IF WE LET THEM
When I first laid eyes on Dorian, he was lying in a pasture, surveying the world on a cool, gray, early spring afternoon. I glanced his way, but didn’t pay much attention, to be honest. He was just another another chestnut with a blaze, and we had plenty of those at the rescue, handling off-the-track Thoroughbreds.
That day, like most others, I had a lot of work to do, helping feed, water, and train the early 60 horses we were preparing for a new life. And, besides, I wasn’t looking for a horse of my own.
And yet, I remember how I’d smile when potential adopters came to the ranch clearly focused on what sort of horse they wanted. They’d likely end up with a little gray mare or some other horse that looked nothing like the big black gelding with a small star the person had come to find. It happened time after time.
So it was with me and Dorian.
Our relationship happened the year he dropped a lot of weight and had a bad case of rain rot. I babied him through that, trying senior feed, then soaked alfalfa pellets, and a host of other “put weight on” remedies. His coat got scrubbed with any number of rain rot treatments.
He was basically healthy, the veterinarian said, so I just kept at
it and by summer, he started looking better. In fact, he got a
I noticed that folks coming to the ranch looking for potential
adoptions, never looked at Dorian. He’s a big boned, big-bodied
gelding, and people seemed to be looking for more typical
racehorses—sleek and long-legged.
He has an odd mane, too—there’s a swirl in the middle
so the front part of his mane grows forward. He has wispy tail,
as well, not the long, full swinging, lustrous tail of the breed.
I felt bad for him. I’d gotten to know him nursing him through
his issues, and came to appreciate his bright, intelligent eye.
He’s a little stubborn, to boot (just like a redhead, my friend,
Anita says), which I felt was ok. I like a horse who has an
But he was enormously spooky.
In the end, I think that’s what brought us together. We started spending a lot of time in the round pen—longeing, grooming sessions, talking things over, hanging out, . . . and he was fine.
But when I started riding him, it seemed the whole world scared him. And why not? All he’d known as a racehorse was the stall, his training track, a horse trailer, the starting gate . . . there are no terrifying falling leaves or rotting devil logs in that life!
Many times we’d be trotting along in a straight line and in the blink of an eye—literally--he’d jumped three feet to the left. Sometimes I had no idea what had scared him. My heart went out to him—how awful to live a life where everything terrifies you.
It was very hard to get him to try anything new, go anywhere he’d never been before on the property. So we took it moment by moment. The whole world slowed down when we were together, and that was hard for me.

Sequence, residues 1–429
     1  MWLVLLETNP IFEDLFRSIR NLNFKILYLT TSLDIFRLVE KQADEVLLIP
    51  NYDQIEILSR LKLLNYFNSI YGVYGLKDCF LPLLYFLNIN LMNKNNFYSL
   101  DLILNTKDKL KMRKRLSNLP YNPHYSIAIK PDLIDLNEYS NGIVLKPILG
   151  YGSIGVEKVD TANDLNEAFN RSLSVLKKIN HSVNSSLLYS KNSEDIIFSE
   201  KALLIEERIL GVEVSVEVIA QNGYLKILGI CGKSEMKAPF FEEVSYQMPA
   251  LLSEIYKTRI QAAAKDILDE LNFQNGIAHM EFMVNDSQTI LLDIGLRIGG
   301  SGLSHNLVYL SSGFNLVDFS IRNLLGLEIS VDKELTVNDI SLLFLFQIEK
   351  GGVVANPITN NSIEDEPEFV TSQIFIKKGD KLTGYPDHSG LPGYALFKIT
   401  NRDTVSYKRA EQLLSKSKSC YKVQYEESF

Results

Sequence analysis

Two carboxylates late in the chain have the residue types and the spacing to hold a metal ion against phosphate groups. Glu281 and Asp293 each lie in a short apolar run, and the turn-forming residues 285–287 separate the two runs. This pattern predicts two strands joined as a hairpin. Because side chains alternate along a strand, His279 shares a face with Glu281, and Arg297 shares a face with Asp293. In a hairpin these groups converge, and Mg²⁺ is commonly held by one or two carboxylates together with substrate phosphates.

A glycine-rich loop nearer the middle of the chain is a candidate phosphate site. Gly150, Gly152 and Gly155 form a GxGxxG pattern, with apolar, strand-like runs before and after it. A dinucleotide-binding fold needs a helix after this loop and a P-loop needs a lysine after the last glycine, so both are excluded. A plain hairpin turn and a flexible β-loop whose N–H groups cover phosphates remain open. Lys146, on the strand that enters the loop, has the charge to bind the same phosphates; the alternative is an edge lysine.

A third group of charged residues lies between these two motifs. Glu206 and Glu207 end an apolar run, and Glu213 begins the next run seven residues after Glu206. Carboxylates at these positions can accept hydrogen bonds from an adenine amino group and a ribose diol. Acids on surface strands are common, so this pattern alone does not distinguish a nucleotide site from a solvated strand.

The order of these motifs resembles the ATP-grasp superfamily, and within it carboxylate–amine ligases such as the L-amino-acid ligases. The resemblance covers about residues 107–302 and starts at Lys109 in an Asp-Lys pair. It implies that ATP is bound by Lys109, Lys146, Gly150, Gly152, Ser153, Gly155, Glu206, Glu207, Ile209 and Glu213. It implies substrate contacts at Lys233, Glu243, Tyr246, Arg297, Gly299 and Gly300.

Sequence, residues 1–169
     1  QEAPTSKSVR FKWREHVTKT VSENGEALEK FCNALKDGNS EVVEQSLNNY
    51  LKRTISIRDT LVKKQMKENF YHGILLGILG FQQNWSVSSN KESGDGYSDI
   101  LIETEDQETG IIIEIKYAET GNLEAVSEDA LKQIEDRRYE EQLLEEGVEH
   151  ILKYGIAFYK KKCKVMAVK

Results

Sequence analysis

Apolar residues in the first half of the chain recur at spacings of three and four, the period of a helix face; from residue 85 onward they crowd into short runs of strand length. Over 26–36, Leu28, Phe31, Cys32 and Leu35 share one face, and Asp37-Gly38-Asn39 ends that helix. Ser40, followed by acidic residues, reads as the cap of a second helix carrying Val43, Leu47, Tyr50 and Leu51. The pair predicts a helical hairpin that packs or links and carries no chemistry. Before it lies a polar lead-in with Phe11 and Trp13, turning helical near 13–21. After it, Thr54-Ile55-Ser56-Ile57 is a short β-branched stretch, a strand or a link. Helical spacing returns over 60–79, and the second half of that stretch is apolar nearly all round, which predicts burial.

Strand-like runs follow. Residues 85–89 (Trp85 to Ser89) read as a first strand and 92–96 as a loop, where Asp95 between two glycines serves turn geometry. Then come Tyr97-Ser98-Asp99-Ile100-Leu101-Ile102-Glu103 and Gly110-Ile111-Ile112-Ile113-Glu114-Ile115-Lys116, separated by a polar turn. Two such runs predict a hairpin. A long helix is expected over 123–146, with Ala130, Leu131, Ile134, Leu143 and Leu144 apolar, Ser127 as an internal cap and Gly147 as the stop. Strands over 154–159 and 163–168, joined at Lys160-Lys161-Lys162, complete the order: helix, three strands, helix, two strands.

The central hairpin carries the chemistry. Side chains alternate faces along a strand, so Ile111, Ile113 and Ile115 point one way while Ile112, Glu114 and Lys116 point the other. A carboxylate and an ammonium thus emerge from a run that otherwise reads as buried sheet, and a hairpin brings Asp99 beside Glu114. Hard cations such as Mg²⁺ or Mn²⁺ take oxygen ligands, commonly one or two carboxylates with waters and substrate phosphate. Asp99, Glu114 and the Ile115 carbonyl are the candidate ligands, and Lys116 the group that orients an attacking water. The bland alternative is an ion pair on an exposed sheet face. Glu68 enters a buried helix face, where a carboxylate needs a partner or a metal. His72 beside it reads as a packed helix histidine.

If he made the slightest effort to do what I asked, the pressure came off and we’d pause. Silence and just standing there in quiet union became our routine and by incremental steps he gained confidence in himself and in me.
For once, my focus wasn’t on my fast-paced life, but on his life. And he needed patience from me.
It took a long, long time for Dorian to get over his continual bout with the willies. But he’s a different horse now.
No, I take that back. He’s regained himself now. And in the process, he’s helped me find myself, too.
People say the horse is the teacher, not the owner or trainer. I’ve found that to be true. I’m not a patient person. I want my own way, and I can be just as stubborn as Dorian. I’m a bit high-strung, and my mind tends to go a hundred miles a minute pretty much all the time. Or it did.
Working with Dorian helped me find a path to a deep authenticity and centeredness I didn’t know I possessed. We talk together all the time, but neither of us says anything out loud.
I can be in the worst possible mood, but going out to the pasture and being with Dorian allows me to find a place inside where a deep serenity resides.
But as my good friend Glenn says “The slow way is the fast way with horses,” and I’ve found that to also be true. What formed through Dorian and my groundwork, our communing time, our rides, is a partnership, a bond that I don’t think there are words to completely articulate. Anyone who has a deep relationship with a horse will know exactly what I’m referring to—it’s a relationship that resides at the level of “being,” not at the level of “thinking.”
In a profound sense, I haven’t really taught him anything. I’ve known for him and with him that he has everything he needs to be simply and perfectly himself, and we’ve gone forward from that.
We ride trails together all the time and now he might stop at something new, but he’s able to work through his fear and, trusting me and trusting himself, walk on by. We’ve traversed obstacles, waded into streams, trotted and cantered and galloped through woods, jumped a few Xs, and had a staring contest with deer in the deep woods.
I would love to know what he was thinking that early spring day so many years ago as he lie there, legs tucked under him, surveying his domain. I wonder if he knew we’d become what we have—it wouldn’t surprise me a bit if that were true.
Along the way, somehow Dorian has restored me. That’s part of their power, I think—horses help us reclaim ourselves . . . if we let them.
It’s as simple, and sometimes as difficult to do, as that.